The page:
21. Consider terra cotta, stone ware and ceramic pots

and dishes for bread baking. Some are purposely designed to bake bread, but many others can be repurposed. I found a big, flat bottomed stone ware dish at the feed store that was intended as a food or water bowl for dogs, but when I got home with it I made it my go-to bread baker for Big round loaves.

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Response to procon (Reply #21)

Sun May 10, 2020, 07:57 PM

23. "Consider terra cotta, stone ware and ceramic pots"

I use to make bread in flower pots. I soaked the pots in water for about an hour, put the dough in the pot and I put a cross on top with a knife, then into the oven to bake.
When done and cooled a bit the top had four distinct lumps, perfect for dunking in soup. The round part was used for making round sandwiches... YMMV worked for me!!
m

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Response to Vinca (Original post)

Sun May 10, 2020, 10:29 PM

29. I got a Milo Dutch oven about a year ago

They're well-priced (~100), well-made, and attractive. They're also effective at the things people have cast iron for. They only come in three colors--white, black, and green--and two sizes, 5.5 qt and 3.5 qt. I might be mistaken but I believe the white model is the only one with the enameled interior.

FWIW, I own a couple Le Creuset pieces and the Milo compares favorably to the LC stuff.

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Response to Vinca (Original post)

Mon May 11, 2020, 01:15 AM

31. Google comes up with some interesting stuff sometimes . . .


"A Dutch oven is a slang term for lying in bed with another person and pulling the covers over the person's head while flatulating, thereby creating an unpleasant situation in an enclosed space. This is done as a prank or by accident to one's sleeping partner."



W

ps: - I know - off-topic, but it tickled my funny-bone . . .

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Response to Vinca (Original post)

Mon May 11, 2020, 02:14 AM

32. Staub has nice dutch ovens...

For No Knead bread...less pricey than Le Creuset...I personally use an Erie Griswold Dutch Oven/ Cast Iron antique from the 1920's...I use a #9...it works beautifully.. Has, like Staub little drip prongs on the inside of the lid...it helps with the steaming process of forming a crusty bread.

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Response to Vinca (Original post)

Mon May 11, 2020, 02:24 AM

33. Amazon Basic $42 - works great

Iíve used this one for a few years and love it.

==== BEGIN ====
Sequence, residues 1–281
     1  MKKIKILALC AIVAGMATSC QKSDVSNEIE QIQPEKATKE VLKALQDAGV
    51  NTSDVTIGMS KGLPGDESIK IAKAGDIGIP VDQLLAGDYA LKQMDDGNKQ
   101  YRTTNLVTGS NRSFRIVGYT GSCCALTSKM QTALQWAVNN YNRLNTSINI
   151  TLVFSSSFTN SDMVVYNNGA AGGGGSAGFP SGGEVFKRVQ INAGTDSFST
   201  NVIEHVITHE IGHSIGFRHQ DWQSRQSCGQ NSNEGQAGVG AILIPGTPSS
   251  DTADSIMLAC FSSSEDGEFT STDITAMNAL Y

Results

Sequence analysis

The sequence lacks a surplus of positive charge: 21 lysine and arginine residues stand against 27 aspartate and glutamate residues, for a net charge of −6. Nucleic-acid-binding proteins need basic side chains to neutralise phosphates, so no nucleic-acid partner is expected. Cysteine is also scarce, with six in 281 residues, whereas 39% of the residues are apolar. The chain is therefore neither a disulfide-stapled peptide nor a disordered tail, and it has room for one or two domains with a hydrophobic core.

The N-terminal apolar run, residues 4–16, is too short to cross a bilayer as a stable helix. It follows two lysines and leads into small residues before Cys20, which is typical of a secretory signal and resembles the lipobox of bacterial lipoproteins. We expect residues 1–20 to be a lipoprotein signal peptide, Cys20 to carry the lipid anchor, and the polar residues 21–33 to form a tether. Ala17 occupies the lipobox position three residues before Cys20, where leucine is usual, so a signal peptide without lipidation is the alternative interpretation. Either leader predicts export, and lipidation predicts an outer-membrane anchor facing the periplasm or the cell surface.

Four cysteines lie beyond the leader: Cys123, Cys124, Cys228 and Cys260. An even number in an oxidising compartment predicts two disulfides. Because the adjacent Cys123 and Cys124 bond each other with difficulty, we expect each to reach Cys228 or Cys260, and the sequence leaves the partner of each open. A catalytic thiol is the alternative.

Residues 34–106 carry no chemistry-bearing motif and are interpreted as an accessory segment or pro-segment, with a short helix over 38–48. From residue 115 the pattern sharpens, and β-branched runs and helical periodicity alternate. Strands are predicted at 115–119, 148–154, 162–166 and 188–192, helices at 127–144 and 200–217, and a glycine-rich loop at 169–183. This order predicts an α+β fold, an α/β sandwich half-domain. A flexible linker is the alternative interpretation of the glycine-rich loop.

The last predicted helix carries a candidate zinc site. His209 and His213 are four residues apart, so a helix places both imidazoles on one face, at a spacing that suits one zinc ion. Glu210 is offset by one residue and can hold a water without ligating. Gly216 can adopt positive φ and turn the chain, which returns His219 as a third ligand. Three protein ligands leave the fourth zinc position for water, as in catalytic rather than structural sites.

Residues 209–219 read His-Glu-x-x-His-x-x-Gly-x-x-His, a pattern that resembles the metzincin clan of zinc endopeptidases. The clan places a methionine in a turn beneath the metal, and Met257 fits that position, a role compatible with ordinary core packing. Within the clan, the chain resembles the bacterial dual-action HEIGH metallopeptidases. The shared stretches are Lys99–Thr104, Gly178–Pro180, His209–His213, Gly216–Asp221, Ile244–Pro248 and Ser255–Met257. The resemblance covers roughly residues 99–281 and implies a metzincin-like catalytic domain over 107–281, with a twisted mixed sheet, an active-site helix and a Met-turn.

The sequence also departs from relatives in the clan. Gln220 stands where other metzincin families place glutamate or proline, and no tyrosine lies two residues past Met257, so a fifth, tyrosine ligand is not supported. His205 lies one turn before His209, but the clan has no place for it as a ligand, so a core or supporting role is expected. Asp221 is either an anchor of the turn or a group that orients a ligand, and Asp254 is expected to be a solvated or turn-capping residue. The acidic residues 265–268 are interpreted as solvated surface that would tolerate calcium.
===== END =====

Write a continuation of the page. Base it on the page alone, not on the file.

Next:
AmazonBasics Enameled Cast Iron Covered Dutch Oven, 4.3-Quart, Green https://www.amazon.com/dp/B07B4VY154/ref=cm_sw_r_cp_api_i_-9oUEbN0QBF3X

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Response to FreeState (Reply #33)

Mon May 11, 2020, 07:36 AM

34. That looks perfect since I would be giving it minimal use. Thanks for the link!

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Response to Vinca (Original post)

Wed May 13, 2020, 01:07 AM

36. Aldi's has a great coated cast iron dutch oven that I've used to make bread for some time, They

look like the Le Cruset ones but they're $29.95! They don't have them all the time. Just every 32 months or so. Watch their ads. They always put them in the ad when they have them. They have several colors. I bought the red one.

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Response to napi21 (Reply #36)

Wed May 13, 2020, 07:32 AM

37. That's interesting. I'll keep an eye out. I've started frequenting Aldi's every so often.

Got a couple of cute cat beds there (that for some reason the cats hate . . . they're a mystery) and a little cart to use in the garden. They've got great 100 calorie diet snacks, too.

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Response to Vinca (Original post)

Wed May 13, 2020, 01:44 PM

38. Vinca, I've used both Le Creuset, bare cast iron and aluminum

They all worked great.

After trying the super heavy cookwares I wanted to make a bread shaped more exactly like a round sheepherders bread. The only thing I had with a narrower bottom diameter was a waterless Silver Seal vintage aluminum lidded pot like my family always used. It looks similar to this one at this link.

https://encrypted-tbn0.gstatic.com/images?q=tbn%3AANd9GcT16uDpdU7N_vgm7-Ik4jp46nlniprEabr59A-SKn8Z0Nxu66dl&usqp=CAU

It made one of the best breads I've made so far. The crust is thinner than the ones made in the Lodge cast iron or the Le Creuset. Those breads are more artisan. But the breads made in the Silver Seal came out easier to slice even for a sandwich. I followed Steve's recipe for his turbo Bread on his YouTube channel. I've tried it as all-white bread and one where I subbed 1/2 cup of whole wheat for 1/2 cup of the white flour and it's our favorite so far.


A friend of mine tried her first no-knead bread in an aluminum pot, too. We researched and learned that so long as the container can take a 450 degree oven it will work fine. So you might have a container to give it a shot. You don't really need to have your oven at 500 or even 475. I suppose that temp will create a great tough crust. But if you just want to give no-knead a try, those high heats aren't necessary for a regular loaf. In fact, Steve's turbo loaves are the only ones that I can get to an internal temp of 200 at this high altitude west of Denver.

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Response to eleny (Reply #38)

Wed May 13, 2020, 01:57 PM

39. Thanks! I can't wait to try making bread this way.